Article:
This is the story of a tribe of peaceful hunter gatherers, but after they are uprooted from their valley, where they had lived quiety for generations, they become more wild and violent. This incident occurs during their exodus. The story is related by an old man.
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One day we came to a large pond surrounded by grasses and the curving trees Tracker called cabbage palms. Lying on the banks we saw five or six animals that looked like huge salamanders, some the size of a man or woman. I recognized them as members of the same species of demon I had encountered on the trail by the big river.
For a variety of reasons, mainly because I did not want the people to know that death was even then stalking me, I had not mentioned this to anyone, not even Chanterelle.
Randall took a few of the dogs and led Watson, Chanterelle, and some of the women through the brush with the spears and bows ready to hunt these animals. I wanted to tell him to hold off. I wanted to announce that I had made a pact with one of these creatures, and perhaps they knew of this agreement . But I said nothing.
Randall was becoming a good hunter by then, and moved very slowly as he approached. When the hunters were close they all sat down and watched for a while, and then crept forward, holding back the dogs and making sure those immense salamanders stayed asleep. When the hunting party was no more than a few paces away, Randall indicated through sign that each of the hunters should pick one salamander. Then they and the hunting dogs charged out from the brush and speared those hideous looking beasts.
The spear throws and arrow flights were true, and the spearheads entered the chests of those creatures just behind the forelegs. The dogs grabbed the meaty fat legs and tails and refused to let go even though they were swung left to right by the twists and turns of the speared beasts. The monsters thrashed and lashed with their dense fat tails and attempted to flee to the pond waters but the people were wild now in a hunting frenzy. Randall himself was the wildest among them. He charged from one monster to the other, heaving them back onto the shore by their tails, and yelling at us to do the same. But, unlike the deer or the woodchucks of our valley, these vicious slashers refused to give themselves up to us willingly. They twisted around in their pain, taking on more and more spear jabs, and attempting to bite us or knock us back with their tails, even though they were gravely wounded. They had huge long jaws with row upon row of sharp teeth, the fore teeth long and spear like, and one of them caught the hunter Tuttle and tore her calf. Others thrashed their tails madly in defense and one of them tripped Watson, who fell into the melee and began slashing left and right with his brush spear, laying great bloody gashes in the struggling beasts, while they attempted to bite him. Randall saved him. He charged in among them and speared the closest of them and kicked the others away, or grabbed their huge tails and heaved them off.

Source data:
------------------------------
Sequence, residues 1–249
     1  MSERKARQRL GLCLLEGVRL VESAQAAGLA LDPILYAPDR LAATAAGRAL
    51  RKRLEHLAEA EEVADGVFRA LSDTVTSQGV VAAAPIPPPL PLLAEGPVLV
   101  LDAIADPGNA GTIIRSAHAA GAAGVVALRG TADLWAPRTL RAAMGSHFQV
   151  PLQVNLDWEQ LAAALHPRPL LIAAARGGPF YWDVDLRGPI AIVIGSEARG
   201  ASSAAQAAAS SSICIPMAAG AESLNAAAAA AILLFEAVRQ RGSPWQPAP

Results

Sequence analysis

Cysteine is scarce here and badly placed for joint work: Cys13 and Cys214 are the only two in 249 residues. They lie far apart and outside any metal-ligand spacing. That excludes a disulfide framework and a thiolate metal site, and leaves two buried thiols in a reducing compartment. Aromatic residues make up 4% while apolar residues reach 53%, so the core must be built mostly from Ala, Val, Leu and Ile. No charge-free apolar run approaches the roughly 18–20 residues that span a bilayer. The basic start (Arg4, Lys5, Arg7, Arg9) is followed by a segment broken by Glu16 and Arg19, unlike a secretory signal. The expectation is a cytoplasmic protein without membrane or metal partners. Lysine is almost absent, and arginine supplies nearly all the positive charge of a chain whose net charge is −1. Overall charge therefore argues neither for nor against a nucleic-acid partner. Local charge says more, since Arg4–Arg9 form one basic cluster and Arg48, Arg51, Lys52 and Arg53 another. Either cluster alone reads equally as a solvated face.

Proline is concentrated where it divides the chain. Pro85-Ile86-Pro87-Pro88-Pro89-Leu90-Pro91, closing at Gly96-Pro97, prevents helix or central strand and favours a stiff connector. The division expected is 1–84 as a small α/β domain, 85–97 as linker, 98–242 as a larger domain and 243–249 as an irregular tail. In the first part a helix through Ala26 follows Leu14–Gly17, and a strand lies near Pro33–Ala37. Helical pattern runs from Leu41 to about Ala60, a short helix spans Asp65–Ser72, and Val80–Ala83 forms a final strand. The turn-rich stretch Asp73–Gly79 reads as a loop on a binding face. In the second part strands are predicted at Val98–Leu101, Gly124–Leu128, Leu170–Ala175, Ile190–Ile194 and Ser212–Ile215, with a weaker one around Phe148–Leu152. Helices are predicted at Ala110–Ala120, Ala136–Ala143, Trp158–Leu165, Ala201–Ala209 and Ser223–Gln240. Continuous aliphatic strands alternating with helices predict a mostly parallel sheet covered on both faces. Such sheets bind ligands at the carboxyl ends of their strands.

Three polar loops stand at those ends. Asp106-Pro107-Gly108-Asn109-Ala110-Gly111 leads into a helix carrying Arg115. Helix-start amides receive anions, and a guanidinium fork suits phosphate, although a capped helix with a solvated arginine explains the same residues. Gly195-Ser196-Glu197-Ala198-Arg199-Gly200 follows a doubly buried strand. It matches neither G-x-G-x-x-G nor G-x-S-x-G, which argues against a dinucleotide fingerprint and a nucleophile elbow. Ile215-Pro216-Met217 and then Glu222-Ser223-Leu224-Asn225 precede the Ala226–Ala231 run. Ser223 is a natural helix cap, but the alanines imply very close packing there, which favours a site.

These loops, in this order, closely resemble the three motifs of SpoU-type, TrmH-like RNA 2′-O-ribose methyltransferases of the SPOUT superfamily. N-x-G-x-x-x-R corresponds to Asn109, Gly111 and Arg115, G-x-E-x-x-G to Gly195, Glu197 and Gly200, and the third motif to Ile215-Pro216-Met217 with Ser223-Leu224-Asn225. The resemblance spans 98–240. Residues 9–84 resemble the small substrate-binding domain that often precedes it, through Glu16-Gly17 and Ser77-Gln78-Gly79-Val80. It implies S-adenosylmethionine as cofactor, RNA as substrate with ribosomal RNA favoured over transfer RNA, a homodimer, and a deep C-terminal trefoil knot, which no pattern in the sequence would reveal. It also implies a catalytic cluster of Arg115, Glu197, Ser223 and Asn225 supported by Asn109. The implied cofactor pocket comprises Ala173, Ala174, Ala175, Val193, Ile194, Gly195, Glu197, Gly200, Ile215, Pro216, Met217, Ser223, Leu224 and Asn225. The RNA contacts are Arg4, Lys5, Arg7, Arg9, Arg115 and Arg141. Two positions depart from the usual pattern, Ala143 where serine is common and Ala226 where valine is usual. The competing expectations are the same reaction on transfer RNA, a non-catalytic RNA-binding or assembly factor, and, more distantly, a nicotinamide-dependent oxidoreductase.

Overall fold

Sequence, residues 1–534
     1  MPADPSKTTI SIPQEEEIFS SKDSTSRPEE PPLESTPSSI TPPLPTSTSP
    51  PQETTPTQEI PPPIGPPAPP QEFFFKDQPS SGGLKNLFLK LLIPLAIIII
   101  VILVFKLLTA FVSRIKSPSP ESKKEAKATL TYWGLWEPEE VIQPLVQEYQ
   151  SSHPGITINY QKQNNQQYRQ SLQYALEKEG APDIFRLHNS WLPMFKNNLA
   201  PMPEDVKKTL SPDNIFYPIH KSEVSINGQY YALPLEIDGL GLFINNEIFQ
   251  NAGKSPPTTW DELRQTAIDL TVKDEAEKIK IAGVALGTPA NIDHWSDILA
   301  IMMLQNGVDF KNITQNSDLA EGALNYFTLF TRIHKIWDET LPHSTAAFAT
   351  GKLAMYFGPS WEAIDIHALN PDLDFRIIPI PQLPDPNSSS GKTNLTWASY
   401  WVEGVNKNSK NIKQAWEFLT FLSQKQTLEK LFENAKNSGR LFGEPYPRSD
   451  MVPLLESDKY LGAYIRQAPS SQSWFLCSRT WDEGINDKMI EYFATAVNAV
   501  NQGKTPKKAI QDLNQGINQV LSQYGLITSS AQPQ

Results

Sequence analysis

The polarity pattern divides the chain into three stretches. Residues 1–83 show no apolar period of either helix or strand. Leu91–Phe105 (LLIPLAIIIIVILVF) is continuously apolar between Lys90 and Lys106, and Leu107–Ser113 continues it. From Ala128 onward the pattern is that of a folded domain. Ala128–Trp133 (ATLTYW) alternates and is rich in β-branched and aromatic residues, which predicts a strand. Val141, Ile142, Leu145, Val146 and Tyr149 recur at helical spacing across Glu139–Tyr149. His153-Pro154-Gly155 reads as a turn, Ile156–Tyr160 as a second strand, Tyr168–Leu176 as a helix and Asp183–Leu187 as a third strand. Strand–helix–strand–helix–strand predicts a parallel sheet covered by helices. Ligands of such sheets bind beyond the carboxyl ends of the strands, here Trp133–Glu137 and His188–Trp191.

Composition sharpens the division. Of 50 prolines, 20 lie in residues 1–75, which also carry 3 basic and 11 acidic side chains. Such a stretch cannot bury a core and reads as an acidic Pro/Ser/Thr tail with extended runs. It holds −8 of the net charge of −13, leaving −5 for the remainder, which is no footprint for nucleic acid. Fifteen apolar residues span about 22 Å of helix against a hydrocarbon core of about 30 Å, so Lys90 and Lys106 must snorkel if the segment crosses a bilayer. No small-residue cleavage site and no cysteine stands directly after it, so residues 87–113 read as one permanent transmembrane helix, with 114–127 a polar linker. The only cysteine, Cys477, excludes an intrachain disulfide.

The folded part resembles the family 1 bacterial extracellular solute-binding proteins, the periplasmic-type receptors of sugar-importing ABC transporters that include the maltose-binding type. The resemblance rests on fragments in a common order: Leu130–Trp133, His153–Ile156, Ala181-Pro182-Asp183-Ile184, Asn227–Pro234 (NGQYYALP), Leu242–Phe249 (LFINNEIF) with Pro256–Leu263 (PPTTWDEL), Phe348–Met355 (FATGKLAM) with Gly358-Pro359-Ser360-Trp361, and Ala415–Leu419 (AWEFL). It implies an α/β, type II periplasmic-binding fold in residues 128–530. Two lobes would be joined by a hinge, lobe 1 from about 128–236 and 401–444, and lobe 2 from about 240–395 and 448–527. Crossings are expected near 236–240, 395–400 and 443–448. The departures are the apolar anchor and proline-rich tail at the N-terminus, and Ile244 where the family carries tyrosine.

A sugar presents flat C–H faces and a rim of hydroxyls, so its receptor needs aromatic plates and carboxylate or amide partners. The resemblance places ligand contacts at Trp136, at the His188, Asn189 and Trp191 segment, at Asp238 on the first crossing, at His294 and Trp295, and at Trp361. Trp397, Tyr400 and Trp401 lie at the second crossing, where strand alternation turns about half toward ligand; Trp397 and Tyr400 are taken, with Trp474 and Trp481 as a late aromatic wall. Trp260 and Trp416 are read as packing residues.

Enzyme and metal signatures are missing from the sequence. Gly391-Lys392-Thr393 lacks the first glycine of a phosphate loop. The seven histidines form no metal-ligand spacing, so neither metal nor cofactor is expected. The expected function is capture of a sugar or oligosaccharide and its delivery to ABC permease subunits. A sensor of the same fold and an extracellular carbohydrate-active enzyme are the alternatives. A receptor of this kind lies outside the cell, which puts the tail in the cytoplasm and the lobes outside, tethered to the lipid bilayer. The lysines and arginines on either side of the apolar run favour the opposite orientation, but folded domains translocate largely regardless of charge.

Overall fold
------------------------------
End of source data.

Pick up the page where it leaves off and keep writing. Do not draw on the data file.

Those hunters were all mad with the kill now. We had never experienced such a hunt, and there was a violence among the women I had never seen before. Chanterelle, my own granddaughter was growling and barking with the dogs, yipping and jabbing left to right at the eyes of the fighting beasts and kicking them to keep them from the waters.
At one point, the largest of the beasts struggled into the pond water and having lost her judgment in the wildness of the hunt, Chanterelle snatched out her skinning knife and plunged in after him. She caught his snout under the jaw, drew back his head and began slashing at his throat, even as he rolled and twisted in the reddening, blooded waters. Randall dove in after her without any weapons at all. He waded up to that great thrashing beast and with his bare hands held its snout shut. It continued to thrash wildly and beat the waters with its tail, but it could no longer bite, and little by little under the repeated strikes and slashes of Chanterelle’s knife it succumbed, rolling upward to reveal its yellow-white scaled belly.
Back on shore the other beasts were losing ground. Of the six we had seen on the shore, two made it back into the depths of the pond. But slowly, one by one, the others died there on the banks, although it took a long time for them to give up.
The hunters sat down then, shaking and dazed. The dogs panted and lay watching their kill, as if to make sure they had finished their work. The hunters whistled for us, and everyone came down to the shore to see this slaughter.
We never in all out history of hunting and food gathering had had such a struggle with any animal. The wrath of these creatures, the violence and defense that they put up was heroic, and it was only then, as they lay dead around us on the bank that we thought to ask Randall what they were.
“These,” he said, “are the alligators I told you about back in the valley. From now on we will be seeing many of these animals and they are very good eating. Worth the struggle,” he said.
That much was true. We butchered those alligators, cut the meat into strips and roasted the strips over the fires.